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Re: Proposal for a Permissions API

From: Dave Raggett <dsr@w3.org>
Date: Tue, 02 Sep 2014 22:10:53 +0100
Message-ID: <5406325D.2070606@w3.org>
To: Mounir Lamouri <mounir@lamouri.fr>
CC: public-webapps@w3.org
Hi Mounir,

Have you considered making this return a promise, as per Nikhil's proposal:

    https://github.com/w3c/push-api/issues/3#issuecomment-42997477

p.s. I will bring your idea to the trust & permissions in the open web 
platform meeting, we're holding in Paris this week, see:

     http://www.w3.org/2014/07/permissions/

Cheers,

    Dave

On 02/09/14 14:51, Mounir Lamouri wrote:
> TL;DR:
> Permissions API would be a single entry point for a web page to check if
> using API /foo/ would prompt, succeed or fail.
>
> You can find the chromium.org design document in [1].
>
> # Use case #
>
> The APIs on the platform are lacking a way to check whether the user has
> granted them. Except the Notifications API, there is no API that I know
> of that expose such information (arguably, somehow, the Quota API does).
> The platform now has a lot of APIs using permissions which is expressed
> as permission prompts in all browsers. Without the ability for web pages
> to know whether a call will prompt, succeeded or fail beforehand,
> creating user experience on par with native applications is fairly hard.
>
> # Straw man proposal #
>
> This proposal is on purpose minimalistic and only contains features that
> should have straight consensus and strong use cases, the linked document
> [1] contains ideas of optional additions and list of retired ideas.
>
> ```
> /* Note: WebIDL doesn’t allow partial enums so we might need to use a
> DOMString
>   * instead. The idea is that new API could extend the enum and add their
>   own
>   * entry.
>   */
> enum PermissionName {
> };
>
> /* Note: the idea is that some APIs would extend this dictionary to add
> some
>   * API-specific information like a “DOMString accuracy” for an
>   hypothetical
>   * geolocation api that would have different accuracy granularity.
>   */
> dictionary Permission {
>    required PermissionName name;
> };
>
> /* Note: the name doesn’t matter, not exposed. */
> enum PermissionState {
>    // If the capability can be used without having to ask the user for a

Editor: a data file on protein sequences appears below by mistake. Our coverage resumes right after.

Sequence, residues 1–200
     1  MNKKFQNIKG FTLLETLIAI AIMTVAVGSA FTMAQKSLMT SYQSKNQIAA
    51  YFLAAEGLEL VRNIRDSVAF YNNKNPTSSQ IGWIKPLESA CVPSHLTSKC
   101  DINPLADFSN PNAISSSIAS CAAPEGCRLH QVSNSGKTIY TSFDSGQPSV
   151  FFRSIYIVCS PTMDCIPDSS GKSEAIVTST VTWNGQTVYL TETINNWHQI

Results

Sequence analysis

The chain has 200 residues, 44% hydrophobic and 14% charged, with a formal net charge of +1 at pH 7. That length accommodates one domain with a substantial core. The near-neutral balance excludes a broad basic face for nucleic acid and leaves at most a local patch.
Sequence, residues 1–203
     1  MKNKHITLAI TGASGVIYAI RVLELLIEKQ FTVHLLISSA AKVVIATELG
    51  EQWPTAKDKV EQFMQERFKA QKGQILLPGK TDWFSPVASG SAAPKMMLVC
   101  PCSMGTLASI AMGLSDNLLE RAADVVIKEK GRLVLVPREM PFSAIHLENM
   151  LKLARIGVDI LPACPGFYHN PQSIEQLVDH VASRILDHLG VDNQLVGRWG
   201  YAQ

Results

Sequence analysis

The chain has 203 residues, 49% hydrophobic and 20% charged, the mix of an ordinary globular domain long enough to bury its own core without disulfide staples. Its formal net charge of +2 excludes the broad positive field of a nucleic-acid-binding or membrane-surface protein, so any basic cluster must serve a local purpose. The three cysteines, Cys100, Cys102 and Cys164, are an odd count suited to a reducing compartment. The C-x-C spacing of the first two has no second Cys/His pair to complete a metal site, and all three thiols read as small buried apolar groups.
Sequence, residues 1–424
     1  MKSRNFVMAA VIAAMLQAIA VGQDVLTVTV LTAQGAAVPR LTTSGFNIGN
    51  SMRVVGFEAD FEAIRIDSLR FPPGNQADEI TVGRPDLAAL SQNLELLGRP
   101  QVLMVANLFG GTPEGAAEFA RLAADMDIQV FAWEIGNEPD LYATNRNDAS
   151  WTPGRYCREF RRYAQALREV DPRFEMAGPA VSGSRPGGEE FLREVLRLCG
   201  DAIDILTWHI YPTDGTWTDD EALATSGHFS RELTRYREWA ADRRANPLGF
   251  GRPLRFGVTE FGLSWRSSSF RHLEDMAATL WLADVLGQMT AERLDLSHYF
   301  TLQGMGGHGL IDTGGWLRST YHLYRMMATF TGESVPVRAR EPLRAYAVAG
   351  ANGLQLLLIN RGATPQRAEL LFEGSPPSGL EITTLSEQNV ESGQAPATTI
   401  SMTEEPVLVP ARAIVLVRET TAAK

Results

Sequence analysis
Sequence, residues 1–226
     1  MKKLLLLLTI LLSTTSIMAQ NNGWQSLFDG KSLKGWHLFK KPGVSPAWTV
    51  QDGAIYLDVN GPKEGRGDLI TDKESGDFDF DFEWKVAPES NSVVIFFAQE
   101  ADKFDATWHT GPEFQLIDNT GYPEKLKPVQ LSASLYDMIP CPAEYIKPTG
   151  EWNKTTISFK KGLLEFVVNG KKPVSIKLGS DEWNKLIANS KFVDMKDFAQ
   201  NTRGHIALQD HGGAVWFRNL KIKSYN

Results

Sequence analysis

>    yes/no
>    // question. In other words, if the developer can’t ask the user in
>    advance
>    // whether he/she wants the web page to access the feature. A feature
>    using a
>    // chooser UI is always ‘granted’.
>    “granted”,
>    // If the capability can’t be used at all and trying it will be a
>    no-op.
>    “denied”,
>    // If trying to use the capability will be followed by a question to
>    the user
>    // asking whether he/she wants to allow the web page to be granted the
>    // access and that question will no longer appear for the subsequent
>    calls if
>    // it was answered the first time.
>    “prompt”
> };
>
> dictionary PermissionStatus : Permission {
>    PermissionState status;
> };
>
> /* Note: the promises would be rejected iff the Permission isn’t known
> or
>   * misformatted.
>   */
> interface PermissionManager {
>    Promise<PermissionStatus> has(Permission permission);
> };
>
> [NoInterfaceObject, Exposed=Window,Worker]
> interface NavigatorPermissions {
>    readonly attribute PermissionManager permissions;
> };
>
> Navigator implements NavigatorPermissions;
> WorkerNavigator implements NavigatorPermissions;
> ```
>
> The intent behind using dictionaries is to simplify the usage and
> increase flexibility. It would be easy for an API to inherit from
> Permission to define new properties. For example, a Bluetooth API could
> have different permissions for different devices or a Geolocation API
> could have different level of accuracies. See [1] for more details.
>
> WDYT?
>
> [1]
> https://docs.google.com/a/chromium.org/document/d/12xnZ_8P6rTpcGxBHiDPPCe7AUyCar-ndg8lh2KwMYkM/preview
>
> -- Mounir
>
>

-- 
Dave Raggett <dsr@w3.org> http://www.w3.org/People/Raggett
Received on Tuesday, 2 September 2014 20:10:39 UTC

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